Free Yourself From the Pocketbook Practice
Let's take a journey together; there's an important lesson to be learned. Imagine a town or city just like yours.
Treatment of PTSD: An Opportunity for the Practice of Integrated Medicine
PTSD is widespread across America today. Not only do many of our honored men and women in uniform bring it home with them from the war zones they have been active in, but it often follows any life-threatening event people go through when their lives have been in danger.
Key Changes and Updates to the 7th Edition CNT Manual
Acupuncture Today recently interviewed Jennifer Brett, ND, L.Ac. regarding the updates to the CNT manaul.
Marketing with a Microphone
When given an option, it stands to reason that people prefer to do business with those they know, like, and trust.
Integrative Medicine for the Underserved: A Seat at the Table
Numerous organizations have risen to the challenge of providing care to medically-underserved populations and here we feature one such group.
News in Brief
Investigating the Cellular Impact of Mechanical Force; National Board Seats (Not-So) New Officers at Annual Meeting.
Desert: A Metaphor from the Study of Genetics
In most of the human lives I know about, there are stretches of time which feel stagnant, or worse. We can feel adrift, or wounded and sidelined, and these times don't seem to carry much usefulness while they are unfolding.
Should You Change an Athlete's Natural Running Form?
Once past the ankle, impact forces travel at about 200 mph into the knee. In addition to allowing the quad to absorb force, bending the knee (E) prevents the hip and pelvis from moving up and down too much (F), which is important for injury prevention and efficiency.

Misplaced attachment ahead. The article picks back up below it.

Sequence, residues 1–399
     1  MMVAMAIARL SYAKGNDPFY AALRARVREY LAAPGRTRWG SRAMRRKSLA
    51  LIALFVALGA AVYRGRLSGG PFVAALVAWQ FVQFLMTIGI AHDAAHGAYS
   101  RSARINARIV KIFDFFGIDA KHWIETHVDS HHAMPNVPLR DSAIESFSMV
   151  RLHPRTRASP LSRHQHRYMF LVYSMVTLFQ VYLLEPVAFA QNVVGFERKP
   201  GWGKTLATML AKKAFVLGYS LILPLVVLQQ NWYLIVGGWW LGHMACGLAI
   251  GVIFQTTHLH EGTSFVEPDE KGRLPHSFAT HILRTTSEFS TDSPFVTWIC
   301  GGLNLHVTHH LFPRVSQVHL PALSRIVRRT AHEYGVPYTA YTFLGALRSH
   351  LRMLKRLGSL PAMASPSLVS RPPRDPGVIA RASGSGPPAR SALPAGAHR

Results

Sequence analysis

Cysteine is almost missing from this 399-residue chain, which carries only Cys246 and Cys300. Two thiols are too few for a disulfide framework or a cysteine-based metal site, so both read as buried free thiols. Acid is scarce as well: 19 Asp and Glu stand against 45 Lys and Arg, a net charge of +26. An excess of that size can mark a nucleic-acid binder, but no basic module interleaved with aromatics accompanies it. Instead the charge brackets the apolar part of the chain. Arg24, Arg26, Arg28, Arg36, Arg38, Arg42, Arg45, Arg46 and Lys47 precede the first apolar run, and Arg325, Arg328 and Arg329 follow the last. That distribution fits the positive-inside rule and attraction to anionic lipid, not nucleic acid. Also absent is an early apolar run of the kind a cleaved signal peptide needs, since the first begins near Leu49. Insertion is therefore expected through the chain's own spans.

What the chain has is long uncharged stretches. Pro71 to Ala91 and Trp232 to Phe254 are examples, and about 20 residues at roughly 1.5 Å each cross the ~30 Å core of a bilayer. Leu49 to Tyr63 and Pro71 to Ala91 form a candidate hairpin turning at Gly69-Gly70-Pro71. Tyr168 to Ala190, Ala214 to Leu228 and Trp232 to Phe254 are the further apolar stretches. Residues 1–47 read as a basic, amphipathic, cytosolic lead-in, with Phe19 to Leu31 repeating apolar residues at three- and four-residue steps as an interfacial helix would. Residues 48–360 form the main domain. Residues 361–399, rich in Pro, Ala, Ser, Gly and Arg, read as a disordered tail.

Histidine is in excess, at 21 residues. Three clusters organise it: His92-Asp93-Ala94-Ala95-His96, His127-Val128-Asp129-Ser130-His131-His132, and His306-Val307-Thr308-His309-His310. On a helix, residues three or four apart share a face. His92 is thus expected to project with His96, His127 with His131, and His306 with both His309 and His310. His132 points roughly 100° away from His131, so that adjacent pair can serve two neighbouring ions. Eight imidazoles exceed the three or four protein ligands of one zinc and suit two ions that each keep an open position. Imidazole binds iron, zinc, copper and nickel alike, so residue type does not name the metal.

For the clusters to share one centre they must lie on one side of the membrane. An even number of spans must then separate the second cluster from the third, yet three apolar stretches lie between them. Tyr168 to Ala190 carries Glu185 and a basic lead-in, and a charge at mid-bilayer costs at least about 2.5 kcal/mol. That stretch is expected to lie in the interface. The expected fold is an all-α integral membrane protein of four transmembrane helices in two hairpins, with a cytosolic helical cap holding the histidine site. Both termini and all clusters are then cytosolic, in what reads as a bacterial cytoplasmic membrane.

January, 2012, Vol. 12, Issue 01
The Potential Dangers of Taking Medications During Pregnancy
By Elaine Stillerman, LMT
We tend to think that if the Food and Drug Administration approves a medicine, it is safe for us to take. And we don't give a second thought to the potential side effects of over-the-counter (OTC) medicines since they don't require prescriptions.But are these popular medications safe for pregnant women and their developing babies? Since very few drug trials involve pregnant women, how can anyone be sure that there are no harmful side effects or birth defects from these seemingly innocuous medicines?
Conception occurs about two weeks before the next menstrual cycle is due, and a positive confirmation of pregnancy may take another few weeks, so there is a window of extreme vulnerability for the growing baby if mom takes certain medicines (drinks or smokes) during this sensitive time. OTC drugs are used by many pregnant women and, as a rule, are generally safe. Some, however, have what are considered to be unproven safety and/or potentially harmful effects on the growing babies. Since an estimated 10% or more of birth defects are a result of maternal drug exposure, the FDA has assigned a risk category to each drug.
OTC medications that are considered relatively safe during pregnancy include most antacids, Acetaminophen, Chlorphenramine, Kaolin and Pectin preparations - although all expectant women should discuss the use of any and every medication (and herb) with their care providers. As an example, seemingly harmless Vitamin A (Retinol) used for skin conditions has shown to contain powerful teratogens which may cause serious birth defects. On the other end of the safety spectrum are drugs like H2 blockers, Pseudoephedrine, and Atropine/Diphenoxylate, to name a few, which are dangerous for developing fetuses.